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An agent of real charge

Arthur Penlington has turned his pen to a new kind of writing in Noosa.
Arthur Penlington has turned his pen to a new kind of writing in Noosa. John Mccutcheon

ARTHUR Penlington is a man who has embraced the saying: "The world is my oyster."

From his early days working in the print media, Arthur knew he wanted to see the world and at the first opportunity, he did just that.

His mother recalls him wanting to be a journalist from an early age, dreaming of travelling to foreign shores and covering events of world importance.

And Arthur remained true to his dream.

"My mum always recalled I would have been only six or seven when I said I wanted to be a news-paper reporter," he remembered.

"I've always been interested in people and events and places and as I've got older, I've realised it's a big old world out there.

"I studied politics at university but I knew the whole time I was at university that when I got out, I wanted to go and work for news-papers."

Despite this, Arthur has enjoyed a long career working mostly in broadcasting and to a great extent for the BBC.

He admits getting into broadcast was something he had never set out to do.

But a friend told him about a job at the BBC in London - an opportunity that would certainly allow him to see the world.

Getting the gig wasn't easy, though. "The interview for that job was the toughest grilling I've ever had in my life," Arthur said.

"There were seven people that sat round me in a semicircle and they grilled for almost an hour."

With the BBC, his first taste of reporting outside London was covering the conflict in Northern Ireland - an assignment he described as an eye-opener for a young journalist and one that brought tragic events to his doorstep.

Soon after his deployment to Northern Ireland he took off to cover the Gulf War and before too long, he became known as the journalist who was willing to be posted to any corner of the globe to cover the news.

In a career spanning 30 years as a journalist on the frontline and as a news producer,

Arthur has witnessed the best and worst of humanity.

But he believes more than ever in the power of the media to shine a light on injustices in the world and be the catalyst for change and a humanitarian response where necessary.

This was especially true in helping African people.

Arthur said he was proud to have seen changes achieved in the aftermath of reporting the Rwandan genocide which took the lives of about 800,000 Africans.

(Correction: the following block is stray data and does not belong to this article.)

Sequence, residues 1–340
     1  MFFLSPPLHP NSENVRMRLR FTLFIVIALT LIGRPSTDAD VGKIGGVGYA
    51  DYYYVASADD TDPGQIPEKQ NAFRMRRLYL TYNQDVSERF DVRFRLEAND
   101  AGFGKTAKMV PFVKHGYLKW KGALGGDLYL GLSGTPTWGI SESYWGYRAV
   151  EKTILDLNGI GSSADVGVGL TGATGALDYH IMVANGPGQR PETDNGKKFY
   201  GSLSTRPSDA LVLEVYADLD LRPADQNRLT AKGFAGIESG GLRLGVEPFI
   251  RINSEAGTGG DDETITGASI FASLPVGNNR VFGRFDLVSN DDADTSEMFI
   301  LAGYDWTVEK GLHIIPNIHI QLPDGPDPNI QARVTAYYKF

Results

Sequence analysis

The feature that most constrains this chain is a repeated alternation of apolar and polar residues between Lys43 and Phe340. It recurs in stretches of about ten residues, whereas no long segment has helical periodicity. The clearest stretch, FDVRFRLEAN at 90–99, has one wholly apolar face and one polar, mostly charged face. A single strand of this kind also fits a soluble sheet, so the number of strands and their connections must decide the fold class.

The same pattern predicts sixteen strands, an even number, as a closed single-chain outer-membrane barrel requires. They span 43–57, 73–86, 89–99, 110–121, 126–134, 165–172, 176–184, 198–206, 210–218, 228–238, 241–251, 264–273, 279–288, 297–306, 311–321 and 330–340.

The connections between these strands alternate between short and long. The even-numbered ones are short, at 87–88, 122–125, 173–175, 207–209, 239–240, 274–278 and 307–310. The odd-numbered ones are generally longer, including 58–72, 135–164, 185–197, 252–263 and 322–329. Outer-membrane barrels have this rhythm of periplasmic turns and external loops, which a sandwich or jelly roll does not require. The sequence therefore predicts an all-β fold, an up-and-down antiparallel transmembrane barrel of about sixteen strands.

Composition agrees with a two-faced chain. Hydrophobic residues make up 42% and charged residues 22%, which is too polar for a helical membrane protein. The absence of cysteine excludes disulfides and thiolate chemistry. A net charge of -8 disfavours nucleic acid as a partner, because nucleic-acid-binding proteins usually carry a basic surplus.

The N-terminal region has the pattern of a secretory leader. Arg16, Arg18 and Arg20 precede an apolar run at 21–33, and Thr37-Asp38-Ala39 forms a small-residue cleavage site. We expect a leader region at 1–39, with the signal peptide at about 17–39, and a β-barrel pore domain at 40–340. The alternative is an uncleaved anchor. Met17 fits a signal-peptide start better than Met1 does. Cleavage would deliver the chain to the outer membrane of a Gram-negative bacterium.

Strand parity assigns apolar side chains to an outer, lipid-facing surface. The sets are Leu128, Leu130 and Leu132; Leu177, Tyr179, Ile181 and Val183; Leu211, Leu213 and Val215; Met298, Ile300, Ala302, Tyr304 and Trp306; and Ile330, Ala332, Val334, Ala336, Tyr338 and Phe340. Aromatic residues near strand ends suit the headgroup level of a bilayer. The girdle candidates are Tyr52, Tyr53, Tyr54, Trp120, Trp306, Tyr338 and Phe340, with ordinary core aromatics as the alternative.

He also remembered a story he covered in Angola after the civil war when starvation was rampant.

"When we got there, the people were just walking skeletons," he said.

"I saw emptiness. There was just no life about them.

"The only food we saw that anyone had eaten there was a rat they were roasting on an open flame.

"We eventually got the pictures back and some of the stuff was so harrowing that some of the aid agencies in Britain launched an immediate appeal.

"But that was one of the things where I thought, 'This has

actually achieved something. I'm glad I've done this'."

After his lengthy work in the field abroad, Arthur decided to accept a job in London and was part of the team that founded BBC News 24.

His role as senior news editor was highly demanding but also extremely exciting and rewarding as one of the first stations in the world to produce 24-hour live television news.

After a few testing years, BBC News 24 started to find its feet and make waves in the industry, taking out the award for News Channel of the Year at the Monte Carlo Film Festival in 2003.

Arthur said that he recalled receiving the award at the ceremony but was so swept up in the moment that he did not realise that he had actually been given the award meant for (Australia's internationally renowned producer) Reg Grundy for a lifetime achievement in television.

Now his journey has led him to a laidback existence in Noosa where he says he spends most of his time "playing lots of bad golf" and working on a crime-thriller novel he hopes to have published.

Arthur, at 52, said he had spent six years away from the dead-lines and demands of the broadcast industry but his desire to travel had returned.

"I can feel a bit of wanderlust coming back now," he said.

"I suspect travel is probably where I am getting to.

"I think I'll put on the backpack and head off.

"I love going off and seeing life (and) meeting the people who are sharing the planet with me."

>> Read more lifestyle stories.

Topics:  journalist writer



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